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News & Reviews Archive - Red Hen Press


Kim Dower reflects on The Coast Playhouse Poetry Marquee with The WeHo Times

Date: March 1, 2023

The Poetry on the Marquee at the Coast Playhouse came down earlier this week on Monday, February 20, 2023, as the theater gets ready for redevelopment in the near future. Former West Hollywood Poet Laureate, Kim Dower, remembers what it was like to have her words in lights just a few months short of four […]

Electric Lit spotlights COFFEE, SHOPPING, MURDER, LOVE

Date: January 30, 2023

“17 Small Press Books from 2022 that You Might Have Missed” includes Coffee, Shopping, Murder, Love by Carlos Allende. “Coffee, Shopping, Murder, Love plays with the tropes of crime fiction by way of two memorable narrators, Charlie and Jignesh. Their connection—at first on an unsuccessful date—is rekindled later, when Charlie is selling a freezer…and Jignesh has […]

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One Poet’s Notes, Valparaiso Poetry Review

Date: April 18, 2009, APRIL 2, 2007Leslie Heywood: THE PROVING GROUNDSLeafing through the work in Leslie Heywood's premiere book of poetry, The Proving Grounds, one quickly becomes accustomed to uncovering sometimes uncomfortable and intimate details about the lives of the personae, often obviously representing the poet, in each piece's personal narrative. In the process, readers discover a compelling […]

Beth Ann Fennelly, The Southern Register

Date: April 16, 2009

"In the debut collection from Kentucky poet Nickole Brown, readers experience the pleasures of poetry "the illuminated moment reverberating" as well as the pleasures of the novel–the narrative unfurling, driven by complex central characters. . . . Rich with images, brave with difficult truths, and restrained enough to avoid melancholy, this is a collection readers […]

Cynthia Arrieu-King, Diagram

Date: April 16, 2009

"If you feel that high emotion and unalienated confession is not art, as Slavoj Zizek might assert that it cops to the System where the individual is valued for trying to be different–this books asks the question: what do you do with specific experience you never chose and from which you must try to recover? […]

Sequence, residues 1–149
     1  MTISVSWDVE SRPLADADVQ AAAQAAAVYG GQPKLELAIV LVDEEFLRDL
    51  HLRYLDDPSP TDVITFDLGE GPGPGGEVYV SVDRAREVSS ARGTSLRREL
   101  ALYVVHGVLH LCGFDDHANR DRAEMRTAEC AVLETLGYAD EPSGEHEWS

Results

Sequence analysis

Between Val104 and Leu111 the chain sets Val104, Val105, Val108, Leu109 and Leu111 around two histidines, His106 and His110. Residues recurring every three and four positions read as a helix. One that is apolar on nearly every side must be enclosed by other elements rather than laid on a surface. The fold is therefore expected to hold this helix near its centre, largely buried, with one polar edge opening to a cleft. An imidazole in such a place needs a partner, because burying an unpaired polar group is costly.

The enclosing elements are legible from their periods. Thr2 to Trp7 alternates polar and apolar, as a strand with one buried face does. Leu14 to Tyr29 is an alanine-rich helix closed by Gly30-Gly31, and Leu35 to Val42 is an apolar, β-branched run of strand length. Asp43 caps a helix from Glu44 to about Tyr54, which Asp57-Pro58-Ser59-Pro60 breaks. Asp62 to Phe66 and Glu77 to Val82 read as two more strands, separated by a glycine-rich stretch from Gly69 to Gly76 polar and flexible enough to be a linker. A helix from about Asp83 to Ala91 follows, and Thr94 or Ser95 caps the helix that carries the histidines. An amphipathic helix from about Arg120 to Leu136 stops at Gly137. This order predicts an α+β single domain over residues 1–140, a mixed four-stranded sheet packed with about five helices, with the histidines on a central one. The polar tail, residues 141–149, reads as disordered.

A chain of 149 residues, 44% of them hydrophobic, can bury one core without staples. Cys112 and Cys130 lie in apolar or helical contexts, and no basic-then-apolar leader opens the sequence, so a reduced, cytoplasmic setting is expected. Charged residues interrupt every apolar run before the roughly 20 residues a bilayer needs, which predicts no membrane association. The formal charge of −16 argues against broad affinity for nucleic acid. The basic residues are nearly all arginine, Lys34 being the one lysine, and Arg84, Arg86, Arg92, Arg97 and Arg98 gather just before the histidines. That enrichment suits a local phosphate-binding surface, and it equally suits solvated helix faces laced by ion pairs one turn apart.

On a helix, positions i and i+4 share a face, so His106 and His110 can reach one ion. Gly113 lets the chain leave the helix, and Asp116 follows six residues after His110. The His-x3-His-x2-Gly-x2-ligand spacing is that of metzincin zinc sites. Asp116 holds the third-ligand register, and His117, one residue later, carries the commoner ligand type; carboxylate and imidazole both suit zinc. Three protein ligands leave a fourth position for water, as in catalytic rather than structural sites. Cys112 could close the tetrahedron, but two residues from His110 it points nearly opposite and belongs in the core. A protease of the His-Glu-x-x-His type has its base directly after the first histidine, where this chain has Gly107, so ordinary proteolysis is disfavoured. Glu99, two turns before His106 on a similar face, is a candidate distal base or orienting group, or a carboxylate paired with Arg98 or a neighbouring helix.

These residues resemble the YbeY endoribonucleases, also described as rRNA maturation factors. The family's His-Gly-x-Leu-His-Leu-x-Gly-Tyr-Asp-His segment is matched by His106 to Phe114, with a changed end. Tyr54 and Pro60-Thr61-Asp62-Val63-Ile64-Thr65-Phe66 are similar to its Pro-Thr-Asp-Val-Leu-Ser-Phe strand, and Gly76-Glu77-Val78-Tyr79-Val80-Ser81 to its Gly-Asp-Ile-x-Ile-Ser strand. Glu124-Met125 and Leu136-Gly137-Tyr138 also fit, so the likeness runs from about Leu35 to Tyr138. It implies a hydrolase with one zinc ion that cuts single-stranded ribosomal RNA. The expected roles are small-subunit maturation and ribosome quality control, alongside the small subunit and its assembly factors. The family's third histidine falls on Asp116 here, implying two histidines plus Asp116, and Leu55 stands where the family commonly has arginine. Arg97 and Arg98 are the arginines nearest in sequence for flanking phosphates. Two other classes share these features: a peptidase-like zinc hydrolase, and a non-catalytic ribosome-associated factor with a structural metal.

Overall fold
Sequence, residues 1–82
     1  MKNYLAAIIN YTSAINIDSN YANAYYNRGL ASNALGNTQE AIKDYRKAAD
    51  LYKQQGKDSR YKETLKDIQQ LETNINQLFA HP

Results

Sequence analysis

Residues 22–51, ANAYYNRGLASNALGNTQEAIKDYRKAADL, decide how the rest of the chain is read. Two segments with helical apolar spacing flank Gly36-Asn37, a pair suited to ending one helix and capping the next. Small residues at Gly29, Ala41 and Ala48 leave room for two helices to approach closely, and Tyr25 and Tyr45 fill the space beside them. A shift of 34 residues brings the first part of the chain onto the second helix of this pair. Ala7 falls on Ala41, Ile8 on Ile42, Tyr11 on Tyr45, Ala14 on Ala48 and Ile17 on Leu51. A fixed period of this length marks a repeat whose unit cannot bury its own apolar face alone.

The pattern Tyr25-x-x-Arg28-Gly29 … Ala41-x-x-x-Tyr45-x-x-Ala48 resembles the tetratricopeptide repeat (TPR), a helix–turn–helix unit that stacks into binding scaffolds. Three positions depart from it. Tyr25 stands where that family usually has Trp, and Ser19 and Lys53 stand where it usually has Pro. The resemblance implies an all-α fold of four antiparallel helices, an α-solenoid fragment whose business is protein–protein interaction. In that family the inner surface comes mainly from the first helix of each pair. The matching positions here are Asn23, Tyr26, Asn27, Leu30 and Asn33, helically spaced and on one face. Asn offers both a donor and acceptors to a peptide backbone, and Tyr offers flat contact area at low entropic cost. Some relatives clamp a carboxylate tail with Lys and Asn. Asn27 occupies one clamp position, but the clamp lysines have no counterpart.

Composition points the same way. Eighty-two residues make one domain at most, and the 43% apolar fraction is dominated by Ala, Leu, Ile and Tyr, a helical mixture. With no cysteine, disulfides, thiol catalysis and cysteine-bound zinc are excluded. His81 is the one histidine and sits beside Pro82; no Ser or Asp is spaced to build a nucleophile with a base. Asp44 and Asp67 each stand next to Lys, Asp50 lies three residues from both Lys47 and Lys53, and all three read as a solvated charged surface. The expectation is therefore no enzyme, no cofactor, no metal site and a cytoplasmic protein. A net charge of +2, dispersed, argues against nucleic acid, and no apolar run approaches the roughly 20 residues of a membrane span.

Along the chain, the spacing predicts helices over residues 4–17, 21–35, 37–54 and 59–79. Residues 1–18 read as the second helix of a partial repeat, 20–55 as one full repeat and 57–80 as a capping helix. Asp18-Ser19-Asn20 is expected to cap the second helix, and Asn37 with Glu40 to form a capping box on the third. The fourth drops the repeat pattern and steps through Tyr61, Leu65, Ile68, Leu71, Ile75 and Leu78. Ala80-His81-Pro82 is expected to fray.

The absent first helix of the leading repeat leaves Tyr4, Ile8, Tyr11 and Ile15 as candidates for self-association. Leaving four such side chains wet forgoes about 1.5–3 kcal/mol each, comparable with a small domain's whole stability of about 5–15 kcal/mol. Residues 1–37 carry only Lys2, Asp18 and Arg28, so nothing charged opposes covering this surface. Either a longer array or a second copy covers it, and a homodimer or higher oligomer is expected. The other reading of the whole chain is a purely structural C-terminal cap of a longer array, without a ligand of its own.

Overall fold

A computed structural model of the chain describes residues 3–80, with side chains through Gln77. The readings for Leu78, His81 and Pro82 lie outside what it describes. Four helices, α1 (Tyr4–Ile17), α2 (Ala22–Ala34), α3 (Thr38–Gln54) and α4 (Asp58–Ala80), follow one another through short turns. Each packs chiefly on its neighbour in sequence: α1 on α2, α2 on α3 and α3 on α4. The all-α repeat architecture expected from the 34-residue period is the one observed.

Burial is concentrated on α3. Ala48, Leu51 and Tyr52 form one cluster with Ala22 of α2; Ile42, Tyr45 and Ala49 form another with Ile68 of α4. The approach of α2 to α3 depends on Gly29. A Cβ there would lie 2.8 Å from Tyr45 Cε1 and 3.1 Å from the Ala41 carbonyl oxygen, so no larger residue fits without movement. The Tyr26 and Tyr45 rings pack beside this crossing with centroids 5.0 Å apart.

Ely Shipley, Quarterly West

Date: April 16, 2009

"Brown's awareness of the book's form, its how in addition to its what, allows for these poems' rich complexities. The order not only forms a linear narrative, but layers experience. . . . Such raw and beautiful imagery is just one of the many threads that pull this book together. The moments result in nothing […]

Julie Enszer, Lambda Book Report

Date: April 16, 2009

"The strength of Sister is in the details, some of which are constructed through Brown's diction, which is gently infused with a southern dialect but resists caricature. She writes of cutting her finger then blood "pollacking the paper with red' or of "fried comfort' or when her sister came home "bawling, colicky, dispositioned / bad, […]

Melanie Jordan, Southern Indiana Review

Date: April 16, 2009

"To write of one's own conception, gestation, birth"to write convincingly of unknowable-yet-familiar moments: that is the power of poetry and the power of Nickole Brown's debut, Sister, a self-styled "novel-in-poems.' . . . It would be difficult for the book to flee the inevitable baggage of the Southern Gothic, yet it walks that high wire […]

American Poet: The Journal of The Academy of American Poets

Date: April 16, 2009

"Nickole Brown's poems marry an enthralling and tormented narrative with woven, specific lyricism to create a layered progression through a difficult past. Brown has immediate access to how the situations she evokes are processed by the mind of a child and can re-create that open and immediate seeing. . . . The aim here is […]

Cate Marvin, Ploughshares

Date: April 16, 2009

"Using umbilicus as guide rail, the speaker of Nickole Brown's Sister–an unflinching and deeply intelligent first book–undertakes a hair-lifting expedition back to her childhood so as to return herself to the arms of a younger sister both long neglected and longed for. Proving that narrative and lyric are never mutually exclusive, Brown pulls the reader […]

Erica Wright, ForeWord Magazine

Date: April 16, 2009

"It would be easy to say that this collection is an indictment, but there is nothing easy about these poems. They are each skillfully wrought pieces about impossible subjects. . . . Though she speaks of "straddling a fence," of "switching all the time / between isn't and ain't" ("Straddling Fences"), there is no question […]

Publishers Weekly, August 2007

Date: April 16, 2009

"Brown's forthright debut opens with an intimate address to a sister: "I tell you this story because it is / the story we need / to believe our offal is divine." . . . . A striking collection. The strongest poems are those stripped of commentary, in which rough memories are offered as strange discoveries, […]

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